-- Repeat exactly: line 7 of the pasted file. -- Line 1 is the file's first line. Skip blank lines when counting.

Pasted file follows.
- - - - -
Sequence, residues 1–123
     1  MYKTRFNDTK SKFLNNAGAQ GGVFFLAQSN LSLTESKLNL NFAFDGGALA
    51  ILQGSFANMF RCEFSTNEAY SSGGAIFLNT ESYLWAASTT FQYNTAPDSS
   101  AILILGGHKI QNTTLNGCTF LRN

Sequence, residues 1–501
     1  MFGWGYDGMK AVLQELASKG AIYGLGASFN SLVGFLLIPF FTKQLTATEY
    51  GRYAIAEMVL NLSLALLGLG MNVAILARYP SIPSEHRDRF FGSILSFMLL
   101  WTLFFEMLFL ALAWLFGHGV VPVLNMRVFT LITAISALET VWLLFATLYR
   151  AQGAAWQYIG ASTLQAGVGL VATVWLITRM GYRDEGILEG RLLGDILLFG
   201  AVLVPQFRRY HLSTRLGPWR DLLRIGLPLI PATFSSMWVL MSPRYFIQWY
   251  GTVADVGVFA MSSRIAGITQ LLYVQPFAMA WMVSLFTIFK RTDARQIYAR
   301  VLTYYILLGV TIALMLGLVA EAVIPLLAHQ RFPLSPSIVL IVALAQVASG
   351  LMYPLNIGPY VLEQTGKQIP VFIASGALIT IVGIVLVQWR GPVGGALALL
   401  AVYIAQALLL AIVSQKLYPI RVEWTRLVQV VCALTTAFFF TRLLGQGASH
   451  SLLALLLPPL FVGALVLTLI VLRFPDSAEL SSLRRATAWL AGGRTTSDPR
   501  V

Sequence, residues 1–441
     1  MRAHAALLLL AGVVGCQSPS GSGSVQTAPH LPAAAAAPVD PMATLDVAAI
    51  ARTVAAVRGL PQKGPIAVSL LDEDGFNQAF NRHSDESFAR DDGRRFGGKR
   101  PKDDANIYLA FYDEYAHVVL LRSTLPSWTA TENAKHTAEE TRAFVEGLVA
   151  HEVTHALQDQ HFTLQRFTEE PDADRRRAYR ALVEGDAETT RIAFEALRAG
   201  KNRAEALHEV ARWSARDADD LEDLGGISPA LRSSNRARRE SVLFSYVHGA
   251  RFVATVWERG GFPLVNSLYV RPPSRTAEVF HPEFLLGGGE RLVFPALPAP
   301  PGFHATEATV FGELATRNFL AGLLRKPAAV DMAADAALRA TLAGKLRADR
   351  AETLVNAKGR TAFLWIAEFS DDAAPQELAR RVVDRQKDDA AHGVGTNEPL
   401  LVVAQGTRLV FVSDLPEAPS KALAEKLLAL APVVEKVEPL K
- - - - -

    51  GRYAIAEMVL NLSLALLGLG MNVAILARYP SIPSEHRDRF FGSILSFMLL